More than one billion people now live in jurisdictions with full marriage equality, according to a recent analysis.
The turning point came when Colombia legalised same-sex marriage earlier this year, along with several Mexican states.
“When you think that the first ever same-sex marriages took place in the Netherlands in 2001, that means we’ve gone from zero to a billion in just 15 years,” he said.
“That’s an extraordinary rate of social progress, and we’re witnessing an historic shift on a truly global scale.”
Pride celebrations are held across the U.S. and much of the northern hemisphere during the months of June and July.
However, a grim shadow was cast over this year’s festivities in light of the recent mass shooting at a gay nightclub in Orlando.
Pitman hopes the new statistic will help to comfort some of those in mourning.
“Hopefully the news that we’ve reached this historic milestone can bring some comfort and encouragement to a worldwide community still in shock and mourning from Orlando,” he said.
Australia is naturally not a part of this statistic, having still not passed marriage equality.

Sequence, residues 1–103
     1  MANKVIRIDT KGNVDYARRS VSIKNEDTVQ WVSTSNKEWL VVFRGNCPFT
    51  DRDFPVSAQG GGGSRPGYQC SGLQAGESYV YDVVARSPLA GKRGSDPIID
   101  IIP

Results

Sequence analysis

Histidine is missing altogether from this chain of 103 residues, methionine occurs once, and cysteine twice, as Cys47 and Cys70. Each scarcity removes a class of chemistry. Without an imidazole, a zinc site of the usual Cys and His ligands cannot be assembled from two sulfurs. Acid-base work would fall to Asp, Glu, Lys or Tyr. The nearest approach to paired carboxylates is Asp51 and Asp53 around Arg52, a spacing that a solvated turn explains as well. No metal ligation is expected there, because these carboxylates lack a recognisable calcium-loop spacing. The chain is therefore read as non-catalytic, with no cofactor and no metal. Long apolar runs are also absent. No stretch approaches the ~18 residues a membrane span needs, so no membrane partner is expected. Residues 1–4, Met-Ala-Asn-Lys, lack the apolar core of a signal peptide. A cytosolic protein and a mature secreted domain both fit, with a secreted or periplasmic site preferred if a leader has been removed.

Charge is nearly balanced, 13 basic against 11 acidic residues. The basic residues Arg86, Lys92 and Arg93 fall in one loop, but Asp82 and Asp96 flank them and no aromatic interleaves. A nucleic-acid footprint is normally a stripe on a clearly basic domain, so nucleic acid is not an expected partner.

While there is still doubt and uncertainty as to whether Australia’s government will hold a plebiscite on marriage equality or not, same-sex marriage advocate Tiernan Brady said it matters whether it’s passed within the year, on ABC’s RN Breakfast with Fran Kelly.
“It’s fine for someone who’s 25 hoping to get married if it doesn’t happen in the next year, but not if you’re 78… there’s a real human element to this,” he said.
Pitman said it’s disappointing we aren’t part of the first billion people able to live with marriage equality.
“It’s terribly disappointing that Australians will never be able to say we were among the first billion people in the world to achieve marriage equality,” he said.
“That’s a sad, historical fact now and an indictment of our spineless, dithering politicians.”
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